A luscious healthy green lawn is the dream of any homeowner with a lawn. Fertilizing your lawn plays a vital role in keeping your lawn looking greener. To keep your lawn from wilting and turning brown, having a proper fertilizing schedule is of utmost importance.
If you notice your lawn turning yellow or the leaves becoming weaker, it is a sign that your lawn might be lacking nutrients. Iron and nitrogen are key elements that are required for keeping a lawn greener throughout the months.
Not every lawn is the same, the requirements are different for every lawn. The nutrient requirements are also different for every type of grass. To make your lawn look greener and healthy over the months, you need to provide the specific nutrients required by the grass.
- Types of Grass in Your Lawn
Although every grass in the world will require certain components to thrive and be healthy, like potassium, nitrogen, phosphorus, and water. Some grasses would require less watering and maintenance as compared to others.
The most common choice of grasses for lawns are Bermuda grass, Zoysia grass, Kentucky bluegrass, tall or red fescue, or perennial ryegrass. All of these grasses will require some mixture of the essential nutrients that most lawn fertilizers generally contain. Be sure to ask your local gardening store before picking up the next bag of fertilizer.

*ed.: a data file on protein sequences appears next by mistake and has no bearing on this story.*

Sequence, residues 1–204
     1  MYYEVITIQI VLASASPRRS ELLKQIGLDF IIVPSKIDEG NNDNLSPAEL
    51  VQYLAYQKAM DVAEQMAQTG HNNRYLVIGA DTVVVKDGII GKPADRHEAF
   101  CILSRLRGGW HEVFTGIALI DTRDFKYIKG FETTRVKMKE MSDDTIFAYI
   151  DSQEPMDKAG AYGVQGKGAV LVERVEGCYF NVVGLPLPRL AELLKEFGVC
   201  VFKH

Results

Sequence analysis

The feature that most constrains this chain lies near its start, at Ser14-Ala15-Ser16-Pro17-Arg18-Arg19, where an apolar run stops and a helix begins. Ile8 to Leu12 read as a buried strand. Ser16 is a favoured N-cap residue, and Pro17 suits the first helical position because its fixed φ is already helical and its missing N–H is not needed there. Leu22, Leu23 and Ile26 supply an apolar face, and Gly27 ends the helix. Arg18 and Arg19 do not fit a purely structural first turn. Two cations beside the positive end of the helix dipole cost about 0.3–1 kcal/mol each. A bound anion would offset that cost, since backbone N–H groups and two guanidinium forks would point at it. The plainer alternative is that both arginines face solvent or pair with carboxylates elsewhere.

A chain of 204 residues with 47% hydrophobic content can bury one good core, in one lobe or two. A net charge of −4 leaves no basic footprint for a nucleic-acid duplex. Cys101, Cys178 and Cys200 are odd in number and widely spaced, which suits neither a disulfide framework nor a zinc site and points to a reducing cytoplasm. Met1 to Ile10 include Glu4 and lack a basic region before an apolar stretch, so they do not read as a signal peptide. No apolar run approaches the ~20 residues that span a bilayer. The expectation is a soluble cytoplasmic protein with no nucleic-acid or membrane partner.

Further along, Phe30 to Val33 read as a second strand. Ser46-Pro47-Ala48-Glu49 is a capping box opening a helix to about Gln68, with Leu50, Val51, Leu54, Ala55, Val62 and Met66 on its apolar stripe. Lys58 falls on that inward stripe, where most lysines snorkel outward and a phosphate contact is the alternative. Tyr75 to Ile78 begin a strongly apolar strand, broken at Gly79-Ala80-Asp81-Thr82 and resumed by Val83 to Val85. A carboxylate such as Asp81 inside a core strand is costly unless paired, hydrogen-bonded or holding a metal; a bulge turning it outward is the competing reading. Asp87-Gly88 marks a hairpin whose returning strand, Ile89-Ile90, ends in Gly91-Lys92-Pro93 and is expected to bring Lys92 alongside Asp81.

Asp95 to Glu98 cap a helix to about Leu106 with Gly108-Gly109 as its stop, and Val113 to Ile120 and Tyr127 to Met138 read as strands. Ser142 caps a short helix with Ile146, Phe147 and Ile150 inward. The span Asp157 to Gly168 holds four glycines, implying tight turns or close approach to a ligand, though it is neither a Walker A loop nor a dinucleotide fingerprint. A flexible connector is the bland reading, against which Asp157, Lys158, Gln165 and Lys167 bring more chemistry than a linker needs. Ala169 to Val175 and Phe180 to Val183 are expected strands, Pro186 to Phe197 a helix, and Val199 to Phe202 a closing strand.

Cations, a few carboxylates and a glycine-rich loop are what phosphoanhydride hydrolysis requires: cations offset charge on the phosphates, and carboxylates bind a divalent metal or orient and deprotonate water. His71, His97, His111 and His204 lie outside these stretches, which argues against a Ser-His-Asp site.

- Nutrient Content In your Soil
If you are one of those lucky people who already have nutrient-rich soil with the correct pH balance, your lawn might require lesser amounts of fertilizer than your counterparts. It is always the best idea to have the pH of your soil tested before deciding on the fertilizer. In case you provide excessive nutrients through fertilizer in nutrient-rich soil, it can damage your lawn.
Alkaline soil will require a fertilizer that can help eliminate iron chlorosis. Whereas, a neutral soil might require a nutrient-rich fertilizer that can boost the grass healths and curb deficiencies, mainly iron.
- Using Cost-Effective Alternatives
Organic fertilizers include manure, vegetable peels, and decomposable kitchen waste, fish by-products, and so on. They are natural and cost-effective as they mostly consist of waste products from your kitchen. Being organic, they do not have any chemical content and are pocket-friendly as well.
- When to Fertilize
Although there are various types of grass, every grass requires fertilization multiple times throughout the year. It is however important to note that warm-season grass like zoysia, centipede, and Bermuda requires fertilizer 2-4 times a year, especially at the start of spring and during the end of summer. Whereas cool-season grasses like fescue, ryegrass, and Kentucky bluegrass require fertilization when the grass starts to come back from winter dormancy and at the start of fall. Just keep in mind not to fertilize them during the warmest summer months.
A healthy green lawn is a sight to behold. Healthier the lawn, the greener it looks. As every living organism needs food and nutrition to be healthy, your lawn needs nutritious fertilizer to keep the emerald green aura. A well-feed piece of a lawn will always look healthy and greener throughout the seasons. So, be sure what to get based on your grass types and soil to ensure you have a perfect fertilizing plan for a greener lawn.